18. BillODrees 19

    In a poll now on xtra  http://Nz.yahoo.com. 60% see charter schools as a dangerous experiment and 20% see it as an improvement. 

     

  19. Fortran 20

    Currently 2% of Primary School Teachers have no qualification, and 6% of Secondary, according to the Education Department.

Recent Comments

Recent Posts

  • Final nail in coffin for Solid Energy workers
    Today’s confirmation of job losses at Solid Energy’s Stockton and Spring Creek mines shows the urgent need for new economic opportunities on the West Coast, Labour’s MP for West Coast-Tasman Damien O’Connor says. “Our economy can no longer rely on… ...
    17 hours ago
  • Ramadi proves Iraq deployment high risk, low benefit
    The fall of Ramadi and the collapse of the Iraqi Army proves Labour was right to be concerned about the deployment of our troops to Iraq, Labour’s Defence spokesperson Phil Goff says. “The fall of Ramadi brings IS fighters within… ...
    18 hours ago
  • English admits new taxes on the cards
    Eight months after pledging “no new taxes” at the election Bill English today admitted he would bring in more sneaky taxes along the lines of the border tax, says Labour’s Finance spokesperson Grant Robertson. “Not only did National bring in… ...
    19 hours ago
  • What the Dickens is going on at SDHB?
    Problems at the financially-strapped Southern District Health Board appear to stretch to its HR department with information obtained by Labour showing it still records staff leave entitlements using manual book-keeping methods. “The Board’s draft 10-year plan document forecasts a cumulative… ...
    19 hours ago
  • Teachers turn backs on new professional body
      The fact that just 56 per cent of nominations for the Education Council came from registered teachers shows the profession has turned its back on Hekia Parata’s new professional body, Labour’s Education spokesperson Chris Hipkins says. “Answers to written… ...
    19 hours ago
  • No spade work done on big building plan
      Only a quarter of the 500 hectares of Crown land the Government wants to use for new homes is understood to be suitable for building on, Labour’s Housing spokesperson Phil Twyford says. “This was National’s bold new idea to… ...
    19 hours ago
  • National: Seven KiwiSaver cuts in seven years
    National’s campaign of KiwiSaver cuts has reached seven in seven years as it dismantles KiwiSaver block by block, Labour Leader Andrew Little says. “KiwiSaver is critical to establishing a savings culture in New Zealand but National has taken a jenga-style… ...
    20 hours ago
  • Tolley’s actions contradict reassurances
    Social Development Minister Anne Tolley has serious questions to answer following the forced closure of Relationships Aotearoa just days after her reassurances she was looking at ways to keep the service operating, Labour’s Acting Social Development spokesperson Annette King says.… ...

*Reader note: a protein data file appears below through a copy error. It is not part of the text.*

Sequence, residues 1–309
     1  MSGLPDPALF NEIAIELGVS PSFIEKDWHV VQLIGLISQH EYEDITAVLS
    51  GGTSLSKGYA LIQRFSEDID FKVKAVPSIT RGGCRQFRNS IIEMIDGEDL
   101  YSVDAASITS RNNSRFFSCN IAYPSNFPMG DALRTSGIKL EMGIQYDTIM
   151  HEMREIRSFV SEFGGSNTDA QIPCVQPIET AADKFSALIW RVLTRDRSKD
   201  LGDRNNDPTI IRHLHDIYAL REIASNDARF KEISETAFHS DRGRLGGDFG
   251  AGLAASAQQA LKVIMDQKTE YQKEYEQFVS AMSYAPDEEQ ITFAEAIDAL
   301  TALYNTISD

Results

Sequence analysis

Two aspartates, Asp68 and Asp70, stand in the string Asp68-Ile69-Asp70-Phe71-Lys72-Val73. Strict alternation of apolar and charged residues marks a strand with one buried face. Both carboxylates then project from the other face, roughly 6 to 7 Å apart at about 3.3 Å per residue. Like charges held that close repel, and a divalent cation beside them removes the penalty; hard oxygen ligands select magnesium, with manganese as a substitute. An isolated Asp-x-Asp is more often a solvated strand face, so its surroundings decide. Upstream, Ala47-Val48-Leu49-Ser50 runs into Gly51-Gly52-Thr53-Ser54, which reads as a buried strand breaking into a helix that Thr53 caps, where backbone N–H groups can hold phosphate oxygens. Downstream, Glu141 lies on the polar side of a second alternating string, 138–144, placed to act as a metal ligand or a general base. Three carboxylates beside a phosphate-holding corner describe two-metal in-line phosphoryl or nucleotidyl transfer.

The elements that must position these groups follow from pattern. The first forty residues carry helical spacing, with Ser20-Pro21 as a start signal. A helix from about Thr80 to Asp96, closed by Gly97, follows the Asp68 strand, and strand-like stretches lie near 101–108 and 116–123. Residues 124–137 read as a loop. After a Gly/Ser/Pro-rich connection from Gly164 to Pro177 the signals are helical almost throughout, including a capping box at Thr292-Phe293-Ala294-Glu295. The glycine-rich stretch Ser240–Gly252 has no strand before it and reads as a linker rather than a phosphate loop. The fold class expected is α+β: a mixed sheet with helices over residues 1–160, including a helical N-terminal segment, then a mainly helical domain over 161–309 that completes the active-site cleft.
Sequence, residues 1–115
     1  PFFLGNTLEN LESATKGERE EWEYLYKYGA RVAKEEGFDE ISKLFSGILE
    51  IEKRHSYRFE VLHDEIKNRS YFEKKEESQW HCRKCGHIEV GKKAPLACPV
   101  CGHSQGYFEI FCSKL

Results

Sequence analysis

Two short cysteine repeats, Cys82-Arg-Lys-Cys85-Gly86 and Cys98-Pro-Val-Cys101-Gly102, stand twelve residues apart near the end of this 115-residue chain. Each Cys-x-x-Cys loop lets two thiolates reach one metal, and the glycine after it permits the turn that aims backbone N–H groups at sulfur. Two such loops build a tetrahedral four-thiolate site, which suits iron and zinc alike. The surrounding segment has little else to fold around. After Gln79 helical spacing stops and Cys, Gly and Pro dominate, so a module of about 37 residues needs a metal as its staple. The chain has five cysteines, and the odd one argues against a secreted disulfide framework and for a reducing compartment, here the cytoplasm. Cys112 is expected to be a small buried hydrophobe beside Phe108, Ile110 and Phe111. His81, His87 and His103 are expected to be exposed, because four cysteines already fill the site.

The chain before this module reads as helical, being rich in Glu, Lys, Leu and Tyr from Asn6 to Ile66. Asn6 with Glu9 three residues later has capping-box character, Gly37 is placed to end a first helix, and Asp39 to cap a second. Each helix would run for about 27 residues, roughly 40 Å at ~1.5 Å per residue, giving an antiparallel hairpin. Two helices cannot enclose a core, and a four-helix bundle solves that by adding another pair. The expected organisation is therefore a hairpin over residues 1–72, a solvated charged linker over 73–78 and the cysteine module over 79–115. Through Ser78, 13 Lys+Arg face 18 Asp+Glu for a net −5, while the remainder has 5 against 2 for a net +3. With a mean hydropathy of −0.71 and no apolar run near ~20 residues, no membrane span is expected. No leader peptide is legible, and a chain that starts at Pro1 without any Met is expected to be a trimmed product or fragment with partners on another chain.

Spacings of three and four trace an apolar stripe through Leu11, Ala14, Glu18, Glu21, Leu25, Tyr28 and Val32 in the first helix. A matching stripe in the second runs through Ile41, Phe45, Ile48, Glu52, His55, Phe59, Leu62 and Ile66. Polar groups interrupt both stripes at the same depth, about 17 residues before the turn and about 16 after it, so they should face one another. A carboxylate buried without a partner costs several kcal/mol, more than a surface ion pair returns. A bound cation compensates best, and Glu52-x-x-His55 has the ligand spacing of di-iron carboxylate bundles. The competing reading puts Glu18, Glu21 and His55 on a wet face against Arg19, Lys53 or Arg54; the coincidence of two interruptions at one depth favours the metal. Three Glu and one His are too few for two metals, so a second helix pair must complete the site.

22 hours ago
  • SkyCity downsize another broken promise
    The downsized SkyCity Convention Centre does not deliver on the promised iconic world-class centre and shows the true extent of Steven Joyce’s incompetence, Labour Leader Andrew Little said today. “New Zealanders were promised an iconic world-class convention centre that would… ...
    23 hours ago
  • Te Arawa partnership model a step closer
    Councils around New Zealand have an opportunity to improve their consultation with Iwi Māori by following Rotorua District Council’s Te Arawa Partnership Model, Labour’s Māori Development spokesperson Nanaia Mahuta says. “The Rotorua District Council will today decide whether to adopt… ...
    23 hours ago
  • Labour mourns Dame Dorothy Fraser
    Labour Leader Andrew Little said the party is today mourning the loss of the youngest person to join the Labour Party, Dame Dorothy Fraser, who went on to be a stalwart of the Dunedin community and tireless worker for others.… ...
    2 days ago
  • The ultimate scapegoat: PM blames fruit fly for new tax
    The Prime Minister has found the ultimate scapegoat for breaking his promise not to introduce a new tax – the Queensland fruit fly, Labour’s Biosecurity spokesperson Damien O’Connor says. “John Key’s first policy upon taking office and assigning himself the… ...
    2 days ago
  • How many victims missing out on protection?
    Hundreds of domestic abuse victims could be missing out on getting protection orders because they are unable to get legal aid, Labour’s Justice spokesperson Jacinda Ardern says.“In the last two years some 351 people who applied for legal aid for… ...
    4 days ago
  • Government kicks hardworking whanau
    A major incentive to help young Kiwis and people on low incomes to start saving has been kicked out from under them with the National-led Government ramming through short-sighted legislation under Urgency today, Labour’s Maori Development Spokesperson Nanaia Mahuta says.… ...
    4 days ago
  • Speculator tax political stunt gone wrong
    Bill English’s admission he doesn’t know whether National’s new speculator tax will have any effect shows last weekend’s announcement by the Prime Minister was a desperate political stunt, says Labour’s Housing spokesperson Phil Twyford. “This Government is so desperate to… ...
    4 days ago
  • The value of parenting
    This week, as part of the Budget, the government introduced a bill to address child poverty. This bill will require parents receiving income support to look for part-time work once their youngest child is three years of age rather than… ...
    GreensBy Jan Logie MP
    4 days ago
  • Another new tax, another broken promise